Federal Emergency Management Agency Floodplain Mapping
New FEMA Maps effective April 2, 2014
FEMA has published new maps which will become effective April 2, 2014 concluding a multi-year “Physical Map Revision” effort. The five new maps are panel numbers 205F, 215F, 220F, 305F, and 310F (links to maps below) — as well as a new Flood Insurance Study (FIS) and a new Map Index for the all Brazos County. The map changes incorporate changes to Carters Creek and Bee Creek due to updated engineering studies as well as the Bee Creek Channelization Project from recent years.
This joint website page has been prepared through the coordination of and for the Cities of Bryan and College Station, and Brazos County.
FEMA provides additional information tracking this map update effort at the www.riskmap6.com site. This site provides an interactive map to access the changes, as well as project milestones including public engagement, etc. After clicking on the link above, you will need to “click” Texas on the map exhibit, and then select Brazos County on the drop down column on the left.
Newer Maps Mean Safer Communities
These maps are important tools in the effort to protect lives and property. By showing the extent to which specific areas, neighborhoods and individual properties are at risk for flooding, flood maps help business and property owners make financial decisions about protecting their property. They also enable community planners, local officials, engineers, builders and others to determine where and how new structures and developments should be built.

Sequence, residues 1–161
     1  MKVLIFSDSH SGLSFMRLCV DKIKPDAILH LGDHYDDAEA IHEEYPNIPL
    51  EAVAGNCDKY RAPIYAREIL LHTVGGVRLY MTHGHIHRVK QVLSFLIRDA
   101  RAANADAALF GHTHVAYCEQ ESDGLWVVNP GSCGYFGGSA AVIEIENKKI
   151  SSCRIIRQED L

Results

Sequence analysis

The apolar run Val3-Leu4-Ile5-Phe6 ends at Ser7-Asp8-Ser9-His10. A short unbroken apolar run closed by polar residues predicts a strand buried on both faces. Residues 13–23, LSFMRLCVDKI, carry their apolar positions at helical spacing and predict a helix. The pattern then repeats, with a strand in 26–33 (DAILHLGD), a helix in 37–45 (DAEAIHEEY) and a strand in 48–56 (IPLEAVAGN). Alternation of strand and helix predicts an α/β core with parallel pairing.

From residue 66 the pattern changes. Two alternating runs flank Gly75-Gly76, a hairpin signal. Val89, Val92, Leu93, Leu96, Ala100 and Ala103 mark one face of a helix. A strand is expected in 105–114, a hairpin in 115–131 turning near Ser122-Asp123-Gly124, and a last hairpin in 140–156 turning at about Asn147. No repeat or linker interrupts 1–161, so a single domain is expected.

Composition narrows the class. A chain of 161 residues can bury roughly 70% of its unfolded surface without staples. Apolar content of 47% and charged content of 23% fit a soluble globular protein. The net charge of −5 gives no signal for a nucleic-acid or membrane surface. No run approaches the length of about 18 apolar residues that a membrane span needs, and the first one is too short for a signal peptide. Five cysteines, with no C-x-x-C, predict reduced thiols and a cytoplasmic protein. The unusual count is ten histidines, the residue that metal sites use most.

Also, please be aware that the new floodplain maps and information are not permanent. As more accurate information becomes available, these maps are updated through official procedures with FEMA — such as Letters of Map Revision (LOMR).
The ongoing US congressional legislative efforts to repeal or delay “Biggert-Waters Flood Insurance Reform Act” approved by US Congress in 2012 will have many implications. Contact your insurance agent regarding additional insurance coverage, options, and premiums. Additionally, you can contact this NFIP Region representative at (425)417-3159.
All of the following maps and documents will be the current effective maps. The “revised” dates are the initial dates when the maps initially became effective. The FEMA map update effort previously referred to as “Map Modernization” produced the maps that became effective May 16, 2012. The maps below which end with the letter E remain currently effective. The subsequent FEMA map update is referred to as a “Physical Map Revision” which produced the updated maps that will become effective April 2, 2014. These updated maps below end with the letter F and are indicated with the red star.
Floodplain Index Map (Click on this to find the panel number your property lies within)
Flood Insurance Study Report – April 2, 2014
Map Updates in Small Defined Areas
May 16, 2012: Current maps went into effect.
April 2, 2014: Carter’s Creek and Bee Creek Letters of Map Revisions to take effect.
May 9, 2014: Still Creek and Cottonwood Creek Letters of Map Revisions to take effect.
PDF viewer is required for some of the attached documents. Please click here to download Adobe PDF Reader.